“I would like to ask that we begin to dream about and plan for a different world. A fairer world. World of happier men and happier women who are true to themselves. And this is how to start: we must raise our daughters differently and must also raise our sons differently…”
“When I was in primary school in Nsukka… my teacher said at the beginning of term that she would give the class test and whoever got the highest school would be the class monitor. Class monitor was a big deal. If you were class monitor, you would write down the names of noise-makers each day, which was heady enough power on its own, but my teacher would also give you a cane to hold in your hand while you walked around and patrolled the class for noisemakers. Of course, you were not allowed to actually use the cane. But it was an exciting prospect for the nine-year-old me. I very much wanted to be the class monitor. I got the highest score on the test.
Then, to my surprise, my teacher said the monitor had to be a boy. She had forgotten to make that clear earlier; she assumed it was obvious. A boy had the second-highest score on the test. And he would be monitor.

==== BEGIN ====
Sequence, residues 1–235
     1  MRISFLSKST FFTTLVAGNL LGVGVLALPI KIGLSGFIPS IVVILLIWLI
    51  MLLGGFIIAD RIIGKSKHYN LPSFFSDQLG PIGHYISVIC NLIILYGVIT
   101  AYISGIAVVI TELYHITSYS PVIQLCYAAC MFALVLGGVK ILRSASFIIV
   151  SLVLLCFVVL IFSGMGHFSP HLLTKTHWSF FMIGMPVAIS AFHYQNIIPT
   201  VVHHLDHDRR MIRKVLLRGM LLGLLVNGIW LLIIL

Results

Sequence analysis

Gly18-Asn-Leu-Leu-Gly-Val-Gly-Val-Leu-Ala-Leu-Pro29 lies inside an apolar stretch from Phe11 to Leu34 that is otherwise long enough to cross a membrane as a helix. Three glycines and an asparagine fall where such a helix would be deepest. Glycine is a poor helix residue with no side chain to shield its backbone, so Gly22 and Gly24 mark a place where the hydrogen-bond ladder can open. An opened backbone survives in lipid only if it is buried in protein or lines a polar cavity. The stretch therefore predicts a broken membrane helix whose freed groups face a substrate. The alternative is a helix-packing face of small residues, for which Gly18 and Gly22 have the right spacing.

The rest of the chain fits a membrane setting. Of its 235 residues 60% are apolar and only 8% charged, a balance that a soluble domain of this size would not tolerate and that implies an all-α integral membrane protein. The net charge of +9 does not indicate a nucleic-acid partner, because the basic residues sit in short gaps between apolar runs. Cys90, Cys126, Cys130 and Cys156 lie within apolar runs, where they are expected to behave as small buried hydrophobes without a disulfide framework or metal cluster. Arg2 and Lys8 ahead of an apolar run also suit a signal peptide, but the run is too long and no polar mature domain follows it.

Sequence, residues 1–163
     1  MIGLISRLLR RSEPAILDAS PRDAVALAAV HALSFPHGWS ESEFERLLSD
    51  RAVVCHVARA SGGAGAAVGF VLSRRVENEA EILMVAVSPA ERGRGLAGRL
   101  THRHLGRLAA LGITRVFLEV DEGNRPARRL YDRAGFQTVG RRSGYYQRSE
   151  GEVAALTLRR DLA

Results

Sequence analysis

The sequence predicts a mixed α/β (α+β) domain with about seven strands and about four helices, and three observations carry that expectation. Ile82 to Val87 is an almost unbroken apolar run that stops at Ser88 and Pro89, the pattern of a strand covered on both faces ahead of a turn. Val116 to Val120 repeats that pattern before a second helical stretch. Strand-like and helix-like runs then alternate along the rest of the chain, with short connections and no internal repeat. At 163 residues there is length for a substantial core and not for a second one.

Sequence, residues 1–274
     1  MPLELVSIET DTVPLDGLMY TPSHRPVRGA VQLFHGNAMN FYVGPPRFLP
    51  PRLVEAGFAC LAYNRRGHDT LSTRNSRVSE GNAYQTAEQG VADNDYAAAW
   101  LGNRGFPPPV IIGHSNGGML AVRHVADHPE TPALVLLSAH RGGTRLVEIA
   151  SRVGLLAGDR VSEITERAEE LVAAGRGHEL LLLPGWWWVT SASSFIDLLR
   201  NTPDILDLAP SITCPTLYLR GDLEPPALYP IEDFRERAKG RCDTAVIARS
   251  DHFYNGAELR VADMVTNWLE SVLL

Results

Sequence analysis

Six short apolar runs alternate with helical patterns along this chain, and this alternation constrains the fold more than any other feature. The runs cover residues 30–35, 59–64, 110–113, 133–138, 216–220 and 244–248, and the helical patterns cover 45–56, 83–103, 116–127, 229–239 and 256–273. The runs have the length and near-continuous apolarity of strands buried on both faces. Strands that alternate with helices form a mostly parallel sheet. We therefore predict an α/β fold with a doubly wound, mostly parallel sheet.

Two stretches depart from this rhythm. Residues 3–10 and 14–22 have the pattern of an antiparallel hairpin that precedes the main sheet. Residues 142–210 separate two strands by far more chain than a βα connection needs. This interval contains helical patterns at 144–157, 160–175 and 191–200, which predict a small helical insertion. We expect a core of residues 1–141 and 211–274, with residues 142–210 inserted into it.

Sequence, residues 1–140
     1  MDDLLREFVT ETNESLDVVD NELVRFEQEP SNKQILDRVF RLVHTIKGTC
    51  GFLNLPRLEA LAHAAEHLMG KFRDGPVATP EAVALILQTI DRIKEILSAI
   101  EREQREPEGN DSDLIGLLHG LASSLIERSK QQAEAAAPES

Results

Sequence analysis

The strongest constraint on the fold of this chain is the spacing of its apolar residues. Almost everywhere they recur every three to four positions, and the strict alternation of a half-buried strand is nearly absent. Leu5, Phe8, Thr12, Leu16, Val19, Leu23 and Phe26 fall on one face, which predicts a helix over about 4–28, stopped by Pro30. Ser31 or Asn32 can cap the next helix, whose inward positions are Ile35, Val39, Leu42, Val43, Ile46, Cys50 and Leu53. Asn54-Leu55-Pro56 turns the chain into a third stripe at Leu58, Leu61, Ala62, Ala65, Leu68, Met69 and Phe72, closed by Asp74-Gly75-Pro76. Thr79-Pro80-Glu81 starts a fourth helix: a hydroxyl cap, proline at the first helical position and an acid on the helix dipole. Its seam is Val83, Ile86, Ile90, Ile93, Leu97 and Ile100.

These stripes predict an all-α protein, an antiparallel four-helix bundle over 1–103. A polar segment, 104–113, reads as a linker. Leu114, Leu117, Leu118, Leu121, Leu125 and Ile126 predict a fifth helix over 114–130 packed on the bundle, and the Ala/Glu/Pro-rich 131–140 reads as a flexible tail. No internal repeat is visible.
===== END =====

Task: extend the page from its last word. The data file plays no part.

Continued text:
What was even more interesting is that this boy was a sweet, gentle soul who have no interest in patrolling the class with a stick. While I was full of ambition to do so.
But I was female and he was male and he became the class monitor.
I have never forgotten that incident.
If we do something over and over again, it becomes normal. If we see the same thing over and over again, it becomes normal. If only boys are made class monitor, then at some point we will all think, even if unconsciously, that the class monitor has to be a boy. If we keep seeing only men as heads of corporations it starts to seem ‘natural’ that only men should be heads of corporations.”
“My great grandmother, from stories I’ve heard, was a feminist. She ran away from the house of the man she did not want to marry and married the man of her choice. She refused, protested, spoke up whenever she felt she was being deprived of land and access because she was female. She did not know that word feminist. But it doesn’t mean she wasn’t one. More of us should reclaim that word. The best feminist I know is my brother Kene, who is also a kind, good looking and very masculine young man. My own definition of a feminist is a man or a woman who says, ‘Yes there’s a problem with gender as it is today and we must fix it, we must do better.’
All of us, women and men, must do better.”
For the full talk see: http://tinyurl.com/Adichie-extract
- Chimamanda Ngozi Adichie (2014) Extracts from the book: